"Even wars have rules — rules which protect humanity on battlefields IRL."

Fair and Square

The International Committee of the Red Cross (ICRC), is urging gamers not to commit any in-game war crimes.

As Kotaku reports, the ICRC has partnered with a number of Twitch streamers to promote the effort dubbed "Play by the Rules," which is designed to educate gamers about the statutes of war.

It has even created a mode for the popular video game Fortnite designed to help communicate what the rules of war actually are.

While well-intentioned, we're not sure how many gamers will actually take the ICRC up for the challenge. But given the motivations behind the project — teaching them about the rules of actual warfare — it's certainly a worthwhile endeavor.

No Thirst Zone

The stated goal of the effort, according to the ICRC's website, is to "protect the humanity and dignity of people all over the world." No small beans.

"Every day, people play games set in conflict zones right from their couch," reads an official description. "But right now, armed conflicts are more prevalent than ever. And to the people suffering from their effects, this conflict is not a game. It destroys lives and leaves communities devastated."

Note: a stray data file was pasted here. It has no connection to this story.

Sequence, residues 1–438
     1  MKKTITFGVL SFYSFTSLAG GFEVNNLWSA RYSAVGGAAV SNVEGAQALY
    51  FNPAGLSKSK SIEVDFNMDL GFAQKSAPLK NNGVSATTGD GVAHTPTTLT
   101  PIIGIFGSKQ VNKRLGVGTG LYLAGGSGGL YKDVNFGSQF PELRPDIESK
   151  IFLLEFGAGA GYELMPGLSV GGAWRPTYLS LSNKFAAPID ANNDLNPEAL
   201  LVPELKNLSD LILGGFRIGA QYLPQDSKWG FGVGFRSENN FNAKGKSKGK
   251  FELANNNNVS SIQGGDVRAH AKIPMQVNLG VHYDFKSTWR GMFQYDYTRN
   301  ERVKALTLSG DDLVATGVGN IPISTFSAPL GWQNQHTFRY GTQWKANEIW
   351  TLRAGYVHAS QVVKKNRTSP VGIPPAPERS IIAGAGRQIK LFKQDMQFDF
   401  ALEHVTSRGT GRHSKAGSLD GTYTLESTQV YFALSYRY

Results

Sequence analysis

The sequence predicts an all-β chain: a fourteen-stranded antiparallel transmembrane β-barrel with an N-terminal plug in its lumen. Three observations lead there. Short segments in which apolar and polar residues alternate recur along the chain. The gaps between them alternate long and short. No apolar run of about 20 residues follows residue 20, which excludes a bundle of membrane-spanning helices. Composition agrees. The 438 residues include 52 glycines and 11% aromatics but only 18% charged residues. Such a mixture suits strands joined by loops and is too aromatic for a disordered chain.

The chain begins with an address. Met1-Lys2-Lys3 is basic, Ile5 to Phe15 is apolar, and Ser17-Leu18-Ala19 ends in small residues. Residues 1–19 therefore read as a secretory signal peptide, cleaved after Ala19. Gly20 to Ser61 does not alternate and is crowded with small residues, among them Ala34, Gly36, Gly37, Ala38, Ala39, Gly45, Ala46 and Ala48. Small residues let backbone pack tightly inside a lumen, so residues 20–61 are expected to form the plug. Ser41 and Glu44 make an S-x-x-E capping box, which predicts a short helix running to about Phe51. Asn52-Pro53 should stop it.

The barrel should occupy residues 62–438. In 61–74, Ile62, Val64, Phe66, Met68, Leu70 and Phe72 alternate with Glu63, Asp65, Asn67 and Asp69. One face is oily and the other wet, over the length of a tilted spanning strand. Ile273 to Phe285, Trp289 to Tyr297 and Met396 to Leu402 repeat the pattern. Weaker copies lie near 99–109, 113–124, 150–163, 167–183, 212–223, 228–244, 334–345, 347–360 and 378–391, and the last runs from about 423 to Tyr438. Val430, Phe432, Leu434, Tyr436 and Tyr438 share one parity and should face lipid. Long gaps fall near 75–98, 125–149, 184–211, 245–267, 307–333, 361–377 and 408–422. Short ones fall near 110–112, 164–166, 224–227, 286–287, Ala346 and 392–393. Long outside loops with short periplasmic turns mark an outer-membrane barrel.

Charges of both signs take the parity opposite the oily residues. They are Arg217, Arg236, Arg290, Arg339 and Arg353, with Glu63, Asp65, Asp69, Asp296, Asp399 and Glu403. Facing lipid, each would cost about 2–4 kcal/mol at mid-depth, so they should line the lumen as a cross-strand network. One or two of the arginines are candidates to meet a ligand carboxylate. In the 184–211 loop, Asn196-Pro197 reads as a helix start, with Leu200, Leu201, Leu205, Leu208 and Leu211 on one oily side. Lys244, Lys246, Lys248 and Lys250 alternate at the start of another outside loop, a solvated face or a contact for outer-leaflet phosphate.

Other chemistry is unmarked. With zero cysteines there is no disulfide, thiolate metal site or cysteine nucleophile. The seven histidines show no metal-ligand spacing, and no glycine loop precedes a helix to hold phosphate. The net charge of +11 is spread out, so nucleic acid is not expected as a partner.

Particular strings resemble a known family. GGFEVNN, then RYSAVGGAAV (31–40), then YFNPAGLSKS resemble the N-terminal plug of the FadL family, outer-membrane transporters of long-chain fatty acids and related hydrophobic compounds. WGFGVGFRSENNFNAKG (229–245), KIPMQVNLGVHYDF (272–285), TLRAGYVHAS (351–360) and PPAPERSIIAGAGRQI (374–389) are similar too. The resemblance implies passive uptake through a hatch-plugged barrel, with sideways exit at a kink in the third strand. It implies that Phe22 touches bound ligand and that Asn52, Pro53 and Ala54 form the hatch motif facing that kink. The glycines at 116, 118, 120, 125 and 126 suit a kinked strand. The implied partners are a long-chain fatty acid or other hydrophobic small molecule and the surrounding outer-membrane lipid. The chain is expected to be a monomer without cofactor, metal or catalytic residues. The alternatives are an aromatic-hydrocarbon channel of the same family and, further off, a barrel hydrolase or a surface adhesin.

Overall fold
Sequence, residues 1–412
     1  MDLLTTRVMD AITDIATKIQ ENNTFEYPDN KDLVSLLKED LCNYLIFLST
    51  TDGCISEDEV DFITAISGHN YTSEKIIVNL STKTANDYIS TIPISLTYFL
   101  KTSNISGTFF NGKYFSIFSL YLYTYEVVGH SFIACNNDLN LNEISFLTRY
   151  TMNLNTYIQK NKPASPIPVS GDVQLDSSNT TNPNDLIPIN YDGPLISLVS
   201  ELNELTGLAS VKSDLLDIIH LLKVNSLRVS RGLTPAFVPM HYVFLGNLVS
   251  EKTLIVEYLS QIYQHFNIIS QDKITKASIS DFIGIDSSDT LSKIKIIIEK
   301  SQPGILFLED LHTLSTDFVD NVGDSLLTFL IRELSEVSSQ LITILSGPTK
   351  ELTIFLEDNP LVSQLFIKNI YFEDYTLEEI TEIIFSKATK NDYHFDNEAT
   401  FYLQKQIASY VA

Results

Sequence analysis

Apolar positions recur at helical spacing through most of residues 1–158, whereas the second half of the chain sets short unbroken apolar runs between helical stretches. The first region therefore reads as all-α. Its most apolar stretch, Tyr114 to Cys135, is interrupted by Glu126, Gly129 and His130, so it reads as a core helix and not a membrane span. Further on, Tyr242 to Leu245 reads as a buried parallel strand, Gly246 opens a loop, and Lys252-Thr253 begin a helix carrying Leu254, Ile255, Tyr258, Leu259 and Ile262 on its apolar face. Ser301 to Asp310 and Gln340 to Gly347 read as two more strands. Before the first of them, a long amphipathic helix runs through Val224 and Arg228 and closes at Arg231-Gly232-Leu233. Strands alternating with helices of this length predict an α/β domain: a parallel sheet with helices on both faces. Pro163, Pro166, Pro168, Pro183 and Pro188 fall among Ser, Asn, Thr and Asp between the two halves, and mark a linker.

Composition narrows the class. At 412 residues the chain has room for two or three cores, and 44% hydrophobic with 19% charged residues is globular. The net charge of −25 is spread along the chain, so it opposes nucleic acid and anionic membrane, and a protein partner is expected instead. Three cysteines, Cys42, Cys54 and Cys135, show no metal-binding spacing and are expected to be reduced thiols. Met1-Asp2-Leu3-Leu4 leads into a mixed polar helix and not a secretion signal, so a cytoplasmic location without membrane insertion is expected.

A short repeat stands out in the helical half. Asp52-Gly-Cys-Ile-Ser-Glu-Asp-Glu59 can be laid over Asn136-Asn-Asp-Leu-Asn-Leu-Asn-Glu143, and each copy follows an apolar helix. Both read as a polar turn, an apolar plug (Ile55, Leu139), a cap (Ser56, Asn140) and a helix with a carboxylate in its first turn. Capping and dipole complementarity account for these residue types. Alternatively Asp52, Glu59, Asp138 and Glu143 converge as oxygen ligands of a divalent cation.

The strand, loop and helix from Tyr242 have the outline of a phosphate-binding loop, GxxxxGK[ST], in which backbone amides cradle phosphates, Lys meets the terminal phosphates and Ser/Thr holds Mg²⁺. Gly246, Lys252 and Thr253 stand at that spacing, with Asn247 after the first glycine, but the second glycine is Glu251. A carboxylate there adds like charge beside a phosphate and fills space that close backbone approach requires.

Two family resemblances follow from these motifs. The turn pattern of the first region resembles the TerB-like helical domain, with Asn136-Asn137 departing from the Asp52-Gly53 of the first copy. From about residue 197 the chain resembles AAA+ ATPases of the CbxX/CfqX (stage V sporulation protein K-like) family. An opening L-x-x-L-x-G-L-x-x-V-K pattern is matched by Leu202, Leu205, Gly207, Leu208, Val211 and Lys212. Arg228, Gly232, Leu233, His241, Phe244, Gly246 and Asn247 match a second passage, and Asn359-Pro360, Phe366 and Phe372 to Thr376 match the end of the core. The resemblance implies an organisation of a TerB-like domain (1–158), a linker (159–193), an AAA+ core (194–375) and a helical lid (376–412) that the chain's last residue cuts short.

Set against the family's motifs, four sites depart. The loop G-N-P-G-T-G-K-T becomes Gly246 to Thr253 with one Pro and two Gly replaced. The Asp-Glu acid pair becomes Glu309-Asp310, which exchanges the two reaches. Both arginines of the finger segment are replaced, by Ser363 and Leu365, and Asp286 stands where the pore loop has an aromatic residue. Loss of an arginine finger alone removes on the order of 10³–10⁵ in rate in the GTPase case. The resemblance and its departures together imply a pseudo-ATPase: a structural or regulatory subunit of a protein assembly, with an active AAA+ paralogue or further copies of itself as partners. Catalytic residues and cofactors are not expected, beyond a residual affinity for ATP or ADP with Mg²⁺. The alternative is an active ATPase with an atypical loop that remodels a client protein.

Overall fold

"Therefore," it added, "we're challenging you to play FPS by the real Rules of War, to show everyone that even wars have rules — rules which protect humanity on battlefields IRL."

As far as the actual rules of "Play by the Rules" go, participating users aren't allowed to "thirst" — per the ICRC, a term that refers to a player shooting "downed" or "unresponsive enemies" — target "non-violent NPCs," or attack civilian structures.

They also have to use medkits on everyone, as the rules of war decree that anyone sick or wounded on either side must receive care.

Point Well Made

As Kotaku notes, the ICRC did something similar back in 2017, asking gamers to take on the role of a humanitarian aid worker in a popular military tactical shooter, and tasking them with navigating through a crisis zone, helping the wounded, and talking to reporters.

That said, while the ICRC has a very real point that it's trying to make with these campaigns, it's hard to imagine that gamers will actually heed their word and follow these rules.

Nonetheless, it might not be the worst thing in the world to see them more broadly incorporated into video games.

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